Fatalities down 41 percent since 2000; BYU aiming to lower that even more
- BYU professors created a statistical model that can predict crashes expected on roadways
- UDOT is using the model to prioritize safety projects with the highest impact for saving lives
- The model is one of the most advanced traffic safety models in the country
Three BYU researchers are behind the wheel of a new effort to help the Utah Department of Transportation come closer to the goal of zero fatalities on Utah highways.
Led by civil engineering professor Grant Schultz, the team has developed one of the country’s most advanced traffic safety models. Using Bayesian statistics, the model can predict the number of crashes expected on Utah’s roadways to help identify areas of concern.
The tool gives UDOT a new set of keys to prioritize funding for improvements to the highest-risk roadway segments. Those improvements are aimed at cutting down on the frequency and severity of crashes and, ultimately, keeping people safe on the road.
“Our goal here is to save lives,” Schultz said. “We’re just trying to do all that we can to truly reach the goal of zero fatalities on the roadways.”
Combined with a geographic information system, the model pinpoints hotspots where the number of crashes exceeds the number of predicted crashes. With that information, UDOT can advise policy makers on which safety projects have the greatest potential to reduce serious injury and fatal crashes.
Coincidentally, one of the first hotspots identified by the model is next to BYU’s campus: the intersection of University Avenue (U.S. Route 189) and Bulldog Boulevard. The model revealed a greater-than-usual number of accidents from left-hand turns, so UDOT decided to install a new signal system there this summer.
“Whenever you need to do taxpayer-funded improvements, you have budget limitations,” said co-researcher Mitsuru Saito, a BYU professor of civil engineering. “This system will help decision makers spend the funds where they get the highest benefit to reduce the number of crashes."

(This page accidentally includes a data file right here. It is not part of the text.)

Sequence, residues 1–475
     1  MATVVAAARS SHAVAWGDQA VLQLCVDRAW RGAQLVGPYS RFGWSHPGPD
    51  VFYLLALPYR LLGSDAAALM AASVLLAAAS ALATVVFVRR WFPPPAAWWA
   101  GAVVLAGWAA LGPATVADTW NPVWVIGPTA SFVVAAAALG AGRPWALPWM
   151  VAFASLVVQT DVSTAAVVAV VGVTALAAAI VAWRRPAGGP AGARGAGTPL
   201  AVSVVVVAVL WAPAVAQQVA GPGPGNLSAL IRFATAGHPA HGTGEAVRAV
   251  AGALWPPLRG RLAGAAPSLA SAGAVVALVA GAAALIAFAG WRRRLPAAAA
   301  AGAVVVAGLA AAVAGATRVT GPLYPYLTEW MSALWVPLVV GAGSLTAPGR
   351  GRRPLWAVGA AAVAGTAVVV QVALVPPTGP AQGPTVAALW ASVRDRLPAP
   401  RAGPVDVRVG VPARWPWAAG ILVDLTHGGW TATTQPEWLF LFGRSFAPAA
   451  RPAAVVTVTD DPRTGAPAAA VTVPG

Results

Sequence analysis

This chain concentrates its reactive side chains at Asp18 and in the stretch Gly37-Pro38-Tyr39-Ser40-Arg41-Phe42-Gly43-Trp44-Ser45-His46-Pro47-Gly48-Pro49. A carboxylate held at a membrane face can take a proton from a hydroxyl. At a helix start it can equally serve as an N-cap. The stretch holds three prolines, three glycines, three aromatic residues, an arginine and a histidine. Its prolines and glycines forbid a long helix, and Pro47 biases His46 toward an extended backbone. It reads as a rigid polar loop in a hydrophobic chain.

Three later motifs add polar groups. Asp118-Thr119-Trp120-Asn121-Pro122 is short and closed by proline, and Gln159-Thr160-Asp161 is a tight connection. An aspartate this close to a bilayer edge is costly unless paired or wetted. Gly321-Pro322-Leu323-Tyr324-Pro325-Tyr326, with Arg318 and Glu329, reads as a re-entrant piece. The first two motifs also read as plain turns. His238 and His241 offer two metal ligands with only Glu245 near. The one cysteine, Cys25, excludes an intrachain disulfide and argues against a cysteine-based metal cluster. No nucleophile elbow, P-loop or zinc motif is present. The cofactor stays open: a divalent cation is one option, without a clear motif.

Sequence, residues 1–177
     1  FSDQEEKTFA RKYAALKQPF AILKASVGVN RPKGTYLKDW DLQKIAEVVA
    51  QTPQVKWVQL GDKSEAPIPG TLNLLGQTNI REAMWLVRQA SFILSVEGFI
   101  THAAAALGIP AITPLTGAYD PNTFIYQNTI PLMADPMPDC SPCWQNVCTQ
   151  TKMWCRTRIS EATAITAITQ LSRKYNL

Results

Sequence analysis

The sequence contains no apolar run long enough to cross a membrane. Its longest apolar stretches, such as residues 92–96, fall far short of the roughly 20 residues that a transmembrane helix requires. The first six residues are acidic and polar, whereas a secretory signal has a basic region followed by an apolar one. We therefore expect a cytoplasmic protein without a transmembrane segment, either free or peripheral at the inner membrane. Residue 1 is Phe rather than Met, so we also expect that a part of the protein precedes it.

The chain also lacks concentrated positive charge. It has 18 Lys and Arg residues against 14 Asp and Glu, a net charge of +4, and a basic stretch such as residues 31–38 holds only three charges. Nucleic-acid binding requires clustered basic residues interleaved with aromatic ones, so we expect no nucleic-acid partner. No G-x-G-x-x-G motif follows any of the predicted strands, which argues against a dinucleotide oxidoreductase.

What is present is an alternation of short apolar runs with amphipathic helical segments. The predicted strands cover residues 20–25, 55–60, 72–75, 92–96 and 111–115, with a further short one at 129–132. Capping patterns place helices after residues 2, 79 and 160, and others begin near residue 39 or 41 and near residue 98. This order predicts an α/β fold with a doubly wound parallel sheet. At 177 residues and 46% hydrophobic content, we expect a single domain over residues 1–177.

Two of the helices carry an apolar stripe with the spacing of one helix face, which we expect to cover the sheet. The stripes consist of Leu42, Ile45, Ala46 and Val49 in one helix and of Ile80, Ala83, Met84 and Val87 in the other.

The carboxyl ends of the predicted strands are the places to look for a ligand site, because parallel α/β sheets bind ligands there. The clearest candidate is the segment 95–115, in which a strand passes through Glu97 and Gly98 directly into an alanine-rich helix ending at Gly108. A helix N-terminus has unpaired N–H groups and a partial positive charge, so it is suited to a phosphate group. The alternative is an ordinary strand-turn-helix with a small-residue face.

Schultz, Saito and statistics professor Shane Reese have researched the issue for the past five years, producing a number of publications along the way. Most recently the group published findings in the Transportation Research Record:Journal of the Transportation Research Board.
UDOT and the Utah Department of Public Safety have been so pleased with the early results from the Utah Crash Prediction Model that they recently awarded the trio of professors the Executive Director’s Excellence in Transportation Safety Award.
“We asked BYU to build a statistical model for Utah knowing it was quite an ambitious challenge,” said Scott Jones, UDOT safety programs engineer. “It took a couple of years of refining, but now it’s at the point where the model is pinpointing where to do safety projects and we can pull the trigger on those projects.”
Since 2000, fatalities across the state have dropped 41 percent. With the development of the Utah Crash Prediction Model to aid UDOT, Schultz, Saito and Reese anticipate this number will continue to improve toward the goal of zero fatalities.
But the researchers, along with the hundreds of folks in UDOT and the Department of Public Safety, can’t reduce fatalities by themselves.
“We need the public’s help to make it a priority in how they drive and what they do when they drive,” Schultz said. “We can model and look for hotspots all over the state, but we need to have drivers do their part to make this successful.”